Australians find it hard to talk about spiritual matters because ‘they fear being stigmatised or categorised as a a lunatic fringe,’ says La Trobe University author and specialist in religious and literary studies, David Tacey.
‘We are such a radically secular culture, so materialist, that to talk about the transcendent is almost un-Australian,’ says Professor Tacey. He was commenting on the ‘Quest for the Divine’ in a special feature by Fairfax Religion Writer, Barney Zwartz.
In the article Professor Tacey said ‘a spiritual snapshot of Australia depends on where one looks’. ‘There is a decline in religious participation, which can be very disturbing for religious people – or there is the quest for transcendence, which can be very heartening and can lead to the opposite conclusion.’
Author of many books and long-time writer and researcher on religion and young people, he told The Age newspaper: ‘People are hungrier than ever for the transcendent – an experience beyond themselves, beyond the material – but because they are not finding traditional religion, a lot of the searching doesn’t get noticed.’
‘People are hungrier than ever for the transcendent – an experience beyond themselves, beyond the material – but because they are not finding traditional religion, a lot of the searching doesn’t get noticed.’
Hunger for experience, not talk
‘We are definitely in a transitional period as a society. When the formal traditions of Christianity, Judaism and Islam understand that the hunger is for spiritual experience of God and not simply talk about God, they may find young people are getting attracted to the traditions.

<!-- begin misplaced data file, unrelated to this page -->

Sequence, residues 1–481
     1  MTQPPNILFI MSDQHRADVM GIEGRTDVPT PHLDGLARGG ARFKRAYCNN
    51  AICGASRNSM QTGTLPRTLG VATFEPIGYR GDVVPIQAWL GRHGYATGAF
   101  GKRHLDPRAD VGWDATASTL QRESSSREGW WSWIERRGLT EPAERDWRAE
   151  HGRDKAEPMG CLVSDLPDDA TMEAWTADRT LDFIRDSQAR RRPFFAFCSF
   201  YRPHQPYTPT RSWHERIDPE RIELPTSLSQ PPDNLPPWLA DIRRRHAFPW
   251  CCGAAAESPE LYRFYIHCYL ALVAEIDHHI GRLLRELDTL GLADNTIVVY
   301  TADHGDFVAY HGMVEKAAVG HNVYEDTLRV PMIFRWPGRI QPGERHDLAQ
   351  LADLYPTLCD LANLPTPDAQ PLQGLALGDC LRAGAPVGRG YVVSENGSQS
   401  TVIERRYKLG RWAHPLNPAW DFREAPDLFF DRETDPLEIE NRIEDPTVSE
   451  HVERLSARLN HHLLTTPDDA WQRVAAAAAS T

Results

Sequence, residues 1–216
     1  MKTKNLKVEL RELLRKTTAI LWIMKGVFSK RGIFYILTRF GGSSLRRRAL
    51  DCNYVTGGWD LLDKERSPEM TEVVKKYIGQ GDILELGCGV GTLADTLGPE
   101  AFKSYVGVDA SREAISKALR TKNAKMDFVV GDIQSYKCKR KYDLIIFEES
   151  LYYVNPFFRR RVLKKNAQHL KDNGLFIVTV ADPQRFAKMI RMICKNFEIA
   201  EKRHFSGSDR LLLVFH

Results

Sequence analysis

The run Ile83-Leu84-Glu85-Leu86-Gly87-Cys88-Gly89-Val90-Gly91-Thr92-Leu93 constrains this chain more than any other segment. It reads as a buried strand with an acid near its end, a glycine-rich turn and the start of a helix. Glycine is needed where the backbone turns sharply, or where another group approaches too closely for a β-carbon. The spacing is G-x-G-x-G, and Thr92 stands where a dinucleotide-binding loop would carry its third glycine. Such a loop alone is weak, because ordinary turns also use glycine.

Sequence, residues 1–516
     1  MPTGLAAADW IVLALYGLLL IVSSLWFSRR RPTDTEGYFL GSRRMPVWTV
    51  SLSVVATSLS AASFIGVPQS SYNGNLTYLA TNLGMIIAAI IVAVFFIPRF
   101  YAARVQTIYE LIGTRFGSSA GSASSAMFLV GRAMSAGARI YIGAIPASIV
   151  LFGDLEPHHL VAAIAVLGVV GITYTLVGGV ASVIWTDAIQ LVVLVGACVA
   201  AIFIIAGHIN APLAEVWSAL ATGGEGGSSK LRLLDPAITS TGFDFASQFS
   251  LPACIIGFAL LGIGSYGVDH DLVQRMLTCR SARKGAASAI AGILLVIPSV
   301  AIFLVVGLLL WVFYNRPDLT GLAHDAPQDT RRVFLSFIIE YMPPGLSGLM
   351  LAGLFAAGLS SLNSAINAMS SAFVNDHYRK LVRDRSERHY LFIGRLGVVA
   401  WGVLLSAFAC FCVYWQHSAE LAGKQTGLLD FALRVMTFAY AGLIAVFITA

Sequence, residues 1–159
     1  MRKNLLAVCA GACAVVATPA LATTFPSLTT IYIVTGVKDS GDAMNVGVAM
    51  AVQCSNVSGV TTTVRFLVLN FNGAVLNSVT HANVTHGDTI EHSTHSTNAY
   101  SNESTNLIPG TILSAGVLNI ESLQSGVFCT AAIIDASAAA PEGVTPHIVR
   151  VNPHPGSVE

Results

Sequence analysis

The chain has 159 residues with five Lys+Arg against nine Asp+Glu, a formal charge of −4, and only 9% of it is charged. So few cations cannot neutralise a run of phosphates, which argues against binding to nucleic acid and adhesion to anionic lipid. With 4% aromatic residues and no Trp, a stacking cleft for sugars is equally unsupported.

‘I don’t say attracted again, because most people have not been inducted into church traditions in the first place. Many have not only atheist parents but grandparents – we are suffering from religious amnesia.’
Professor Tacey said that many people are turning to the East for answers, and many are doing a lot of reading. At one of Melbourne’s biggest bookshops, Readings, mystical literature was the most popular after cook books and travel guides, he was told.
‘This is true of my students – 70 per cent of them read mystical books, such as Hildegard of Bingen, or Thomas Merton. It’s a doorway into the experience of God rather than God-talk.’
He warns that, alongside spiritual hunger, the decline of mainstream religion has brought a second effect. ‘It makes people more gullible to cults and sects and various new-age groups who are often asking people to pay big money.’
Professor Tacey told The Age he often talks to members of Catholic religious orders in steep decline, and their tone is great despair and bewilderment.
‘But I don’t go along with all that pessimism. I’m pessimistic about a lot of mainstream churches, but I’m not pessimistic about God. We need a better understanding about what God is, and a lot less cliches and platitudes.’
Top image credit: Terry Johnston